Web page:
Nevertheless, launching the CMRA remains a distant prospect at this point. In the meantime, the fact that the SCC validated one of the CMRA’s core purposes – better monitoring of systemic risk – shifts the spotlight to the existing members of the Canadian Securities Administrators (CSA).
To be sure, systemic risk is on the agenda of both the CSA and the existing provincial securities commissions already, but the SCC ruling highlights that their efforts in this area are limited: “While provinces have the capacity to legislate [with] respect [to] systemic risk in their own capital markets, they do so from a local perspective and therefore in a manner that cannot effectively address national concerns.”
Indeed, in 2011, the SCC first ruled that the monitoring of systemic risk is an area in which the federal government could claim jurisdiction in the traditionally provincial realm of securities regulation. And the proposed federal legislation that would be adopted as part of the CMRA focuses largely on dealing with systemic risk.
“The heart of this is data collection. In the current Canadian financial regulatory regime, there is a gap in data collection because there is nobody charged with the authority to collect data relating to systemic risk threats on a national basis,” explained Kevan Cowan, CEO of the Capital Markets Authority Implementation Organization (which was established to help create the CMRA), at a hearing before the Standing Senate Committee on Banking, Trade and Commerce in early November.
At the same hearing, Cowan said that because the CMRA would carry out both day-to-day regulation and systemic risk monitoring under one roof, there could be synergies realized in this model that don’t exist in the current system.
Nevertheless, the CSA maintains that it stands ready to meet the ever-changing and evolving demands on securities regulators.
“While provincial governments will determine the nature of future relationships among all Canadian securities regulators, I am confident that our member jurisdictions will continue to work collaboratively to deliver on their core mission, which is to protect investors and promote fair, efficient and transparent markets,” says Louis Morisset, chairman of the CSA and president and CEO of the AMF.
Morisset adds: “If the CMRA initiative ever moves forward,” the members of the CSA will work together to “implement an interface” among provinces that are in the new arrangement and those that are not.
“In the meantime,” Morisset adds, “we are working on delivering on the initiatives of our 2016-19 business plan and will work on the development of a new business plan in the year to come.”
OSC to explore way to reduce the regulatory burden
Along with the shifts occurring in Canada’s overall regulatory framework, the Ontario Securities Commission (OSC) is facing its own pivot in its agenda, moving toward slashing the regulatory burden while still driving investor protection.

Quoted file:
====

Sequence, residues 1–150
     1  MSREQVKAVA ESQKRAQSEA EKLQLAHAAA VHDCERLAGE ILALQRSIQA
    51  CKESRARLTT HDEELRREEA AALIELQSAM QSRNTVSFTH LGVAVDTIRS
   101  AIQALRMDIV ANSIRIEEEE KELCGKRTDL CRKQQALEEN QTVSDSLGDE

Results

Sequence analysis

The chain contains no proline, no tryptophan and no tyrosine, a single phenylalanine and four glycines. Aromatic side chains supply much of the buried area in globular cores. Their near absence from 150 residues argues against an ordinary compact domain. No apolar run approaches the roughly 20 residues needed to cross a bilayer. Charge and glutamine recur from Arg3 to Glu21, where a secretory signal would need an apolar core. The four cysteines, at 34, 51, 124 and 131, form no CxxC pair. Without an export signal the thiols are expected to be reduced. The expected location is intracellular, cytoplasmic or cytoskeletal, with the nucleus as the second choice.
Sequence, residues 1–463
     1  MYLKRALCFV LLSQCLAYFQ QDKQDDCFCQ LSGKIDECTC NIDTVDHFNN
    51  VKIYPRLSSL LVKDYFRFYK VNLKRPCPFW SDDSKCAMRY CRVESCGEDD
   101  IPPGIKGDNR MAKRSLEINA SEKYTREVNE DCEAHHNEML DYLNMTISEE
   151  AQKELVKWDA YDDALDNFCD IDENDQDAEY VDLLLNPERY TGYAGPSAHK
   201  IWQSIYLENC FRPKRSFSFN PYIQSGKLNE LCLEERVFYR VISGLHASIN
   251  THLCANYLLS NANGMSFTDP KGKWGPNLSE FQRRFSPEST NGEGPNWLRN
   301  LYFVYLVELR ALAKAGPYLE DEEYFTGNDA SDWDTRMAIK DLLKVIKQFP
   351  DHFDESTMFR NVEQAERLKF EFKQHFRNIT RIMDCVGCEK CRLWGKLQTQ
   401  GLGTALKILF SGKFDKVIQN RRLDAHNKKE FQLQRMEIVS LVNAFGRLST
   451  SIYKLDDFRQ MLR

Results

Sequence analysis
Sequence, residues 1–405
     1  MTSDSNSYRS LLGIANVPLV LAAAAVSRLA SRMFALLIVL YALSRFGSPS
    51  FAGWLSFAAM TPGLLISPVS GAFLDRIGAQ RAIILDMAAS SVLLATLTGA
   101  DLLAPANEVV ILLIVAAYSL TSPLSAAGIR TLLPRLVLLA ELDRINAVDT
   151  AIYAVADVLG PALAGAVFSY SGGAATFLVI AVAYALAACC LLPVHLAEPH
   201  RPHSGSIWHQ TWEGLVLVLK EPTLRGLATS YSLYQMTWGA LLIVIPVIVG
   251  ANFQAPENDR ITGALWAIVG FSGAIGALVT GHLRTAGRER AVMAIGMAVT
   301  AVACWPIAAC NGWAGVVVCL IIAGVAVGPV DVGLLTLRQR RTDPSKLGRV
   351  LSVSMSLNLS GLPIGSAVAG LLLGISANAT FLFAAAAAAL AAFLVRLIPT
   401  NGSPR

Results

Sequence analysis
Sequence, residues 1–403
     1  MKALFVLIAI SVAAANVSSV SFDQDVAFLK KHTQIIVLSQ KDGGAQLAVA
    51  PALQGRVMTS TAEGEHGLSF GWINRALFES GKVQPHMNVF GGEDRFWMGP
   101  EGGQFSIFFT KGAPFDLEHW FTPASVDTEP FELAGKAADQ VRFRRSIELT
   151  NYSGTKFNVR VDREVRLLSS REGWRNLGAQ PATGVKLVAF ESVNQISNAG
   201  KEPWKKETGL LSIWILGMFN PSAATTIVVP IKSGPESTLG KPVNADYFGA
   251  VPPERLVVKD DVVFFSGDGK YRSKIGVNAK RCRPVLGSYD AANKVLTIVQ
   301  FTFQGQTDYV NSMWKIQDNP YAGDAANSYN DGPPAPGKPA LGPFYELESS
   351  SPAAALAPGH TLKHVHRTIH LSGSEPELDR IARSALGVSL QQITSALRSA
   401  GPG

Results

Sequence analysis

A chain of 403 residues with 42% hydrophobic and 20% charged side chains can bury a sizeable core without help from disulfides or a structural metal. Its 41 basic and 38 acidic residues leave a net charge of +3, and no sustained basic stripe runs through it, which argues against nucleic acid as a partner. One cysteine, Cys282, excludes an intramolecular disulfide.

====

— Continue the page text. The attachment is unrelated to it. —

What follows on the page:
Maureen Jensen, the OSC’s chairwoman and CEO, announced the launch of an internal task force that’s charged with looking for ways to “lighten the load” on the investment industry. The announcement was made during the OSC’s annual policy conference in Toronto on Nov. 8.
Through this initiative, the OSC will be looking for ways to do things differently in order to curb the costs of compliance – such as reducing filing demands and collecting data electronically – while still achieving the underlying objectives of investor protection and ensuring fair and efficient markets, Jensen said.
The announcement came in the wake of a change in Ontario’s provincial government that brings its own set of new priorities – among them, the goal of cutting regulation in general and not in just the securities industry.
Indeed, the OSC’s announcement foreshadows the Ontario government’s pledge to slash regulation, which was delivered as part of its autumn economic update on Nov. 15. To that end, the provincial government set a target of cutting regulation overall by 25% over the next four years.
This basic objective received immediate endorsement from the Investment Industry Association of Canada in a statement: “This will alleviate a significant burden on business, boost confidence and contribute to increased business spending.”
On the securities front, just what the OSC’s task force will mean for the industry is too early to call, but the OSC’s focus clearly is shifting to be in accord with the priorities of Ontario’s new administration.
“The Ontario government is focused on reducing regulatory burden, which dovetails nicely with our ongoing work on this area,” Jensen says, noting that the OSC’s task force, which is composed of senior staff at the commission, is seeking to “identify priority areas in which we can move to eliminate some regulatory burden for Ontario businesses and market participants.
“In the new year,” she adds, “we plan to work with our government and consult with market participants on specific changes to deliver on both short-term and longer-term options for reducing regulatory burden.”
If past efforts are any guide, this could go beyond simply cutting the number of rules or requirements that businesses must meet and could point to structural changes among the regulators themselves – along with modifications in how they demand, and monitor, compliance with the rules.